As I have previously argued, innovations that aim to save time, increase safety, decrease energy consumption can be subject to flow-on rebound effects that lead to the opposite result. These counter-intuitive results have lead to ineffective government intervention and bizarre social norms.
A typical challenge to the idea of rebound effects goes like this.
“If a business has to pay each worker more due to government intervention on wages, they are clearly going to employ fewer employers. Are you challenging the Law of Demand? If the price of labour is higher, demand will be lower.”
No, I don’t argue that if we hold everything in the world outside of an individual business constant that the business will employ more people. I argue that to believe the world is held constant robs you of the vision to see flow-on effects to society and the ability to estimate the real net effect of a policy or action.
Today's rebound effect concerns time saving and housework.
Day time television is full of advertorials explaining the time saving benefits of new appliances to homemakers. An automatic slicer, a no hands blender, a steam iron, a self wringing mop – the list goes on. A key selling point of all these goods is the time saving. Each task - cleaning, slicing, ironing - can now be performed in a fraction of the time.
Economists would have us believe that it is this very type of innovation that is leading society to a future of leisure filled days. Keynes predicted, is his 1931 essay “Economic Possibilities for Our Grandchildren,” that his grandchildren would spend most of their time at leisure, finding ways to “pluck the hour and the day virtuously and well”.
But the present is not the Keynes’ future. Hours of work per household continue to climb with the rise of two income families and reduction in the physical demands of work, while hours of housework remain much the same as they did a century ago.
Maybe the ignorance of rebound effects has lead economists to be far too optimistic.
So what is the real net effect of time saving innovations to housework tasks? The following excerpt from The Big Switch explains how the electrification of household chores failed to deliver its time-saving promise due to rebound effects in the form of evolving social norms. Ironically, these effects are completely in keeping with the Law of Demand and also happen at a micro level. As the cost (in time and effort) of household chores declined, we demanded more of them.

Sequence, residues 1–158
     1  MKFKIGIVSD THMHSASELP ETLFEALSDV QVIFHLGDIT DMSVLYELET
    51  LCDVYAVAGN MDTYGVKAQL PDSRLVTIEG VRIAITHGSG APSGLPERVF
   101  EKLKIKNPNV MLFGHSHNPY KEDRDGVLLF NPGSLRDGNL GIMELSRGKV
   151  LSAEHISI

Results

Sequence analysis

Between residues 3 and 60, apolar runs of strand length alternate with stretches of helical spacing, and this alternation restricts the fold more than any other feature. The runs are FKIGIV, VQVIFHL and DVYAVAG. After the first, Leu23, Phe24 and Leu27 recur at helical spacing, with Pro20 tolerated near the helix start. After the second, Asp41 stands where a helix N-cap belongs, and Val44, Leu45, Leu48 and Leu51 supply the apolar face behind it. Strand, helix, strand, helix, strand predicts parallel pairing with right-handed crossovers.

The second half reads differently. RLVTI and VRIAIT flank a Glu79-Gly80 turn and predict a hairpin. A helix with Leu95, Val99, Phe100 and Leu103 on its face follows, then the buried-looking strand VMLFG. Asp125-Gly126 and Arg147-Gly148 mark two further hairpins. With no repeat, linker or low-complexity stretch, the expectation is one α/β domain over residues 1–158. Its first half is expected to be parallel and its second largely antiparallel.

The utopian promise of electricity seemed within reach inside the home. Many women believed that new appliances like vacuum cleaners and washing machines would, as General Electric advertised, transform their homes from places of labour into places of ease. The home would become less like a sweatshop and would become, as Thomas Edison predicted in a 1912 article on "The Future of Women," "a domestic engineer [rather] than a domestic labourer, with the greatest of handmaidens, electricity, at her service." The first widely purchased appliance designed specifically for housework, the electric iron, seemed to fulfil this expectation. Women no longer had to heat a heavy wedge of cast iron over a hot stove and then drag the red hot chunk of metal over a piece of clothing, stopping frequently to reheat it. They could just plug in a lightweight appliance into the wall. During the first two decades of the century, scores of homemakers swapped their old-fashioned irons for modern electric ones. A photograph of the time shows a General Electric employee standing proudly beside a small mountain of discarded flat irons.
As it turns out, though, the electric iron was not quite the unalloyed blessing it first appeared to be. By making ironing "easier," the new appliance ended up producing a change in the prevailing social expectations about clothing. To appear respectable, men's and women's blouses and trousers had to be more frequently and meticulously pressed than was considered necessary before. Wrinkles became a sign of sloth. Even children's school clothes were expected to be neatly ironed. While women didn't have to work as hard to do their ironing, they had to do more of it, more often, and with more precision.
As other electric appliances flooded the home through the first half of the century - washing machines, vacuum cleaners, sewing machines, toasters, coffee-makers, egg beaters, hair curlers, and, somewhat later, refrigerators, dishwashers and clothes dryers - similar changes in social norms played out. Clothes had to be changed more frequently, rugs had to be cleaner, curls in hair had to be bouncier, meals had to be more elaborate, and the household chine had to be more plentiful and gleam more brightly. Tasks that once had been done every few months now had to be performed every few days, When rugs had had to be carried outside to be cleaned, for instance, the job was done a couple of times a year. With a vacuum cleaner, it became a weekly or even daily ritual.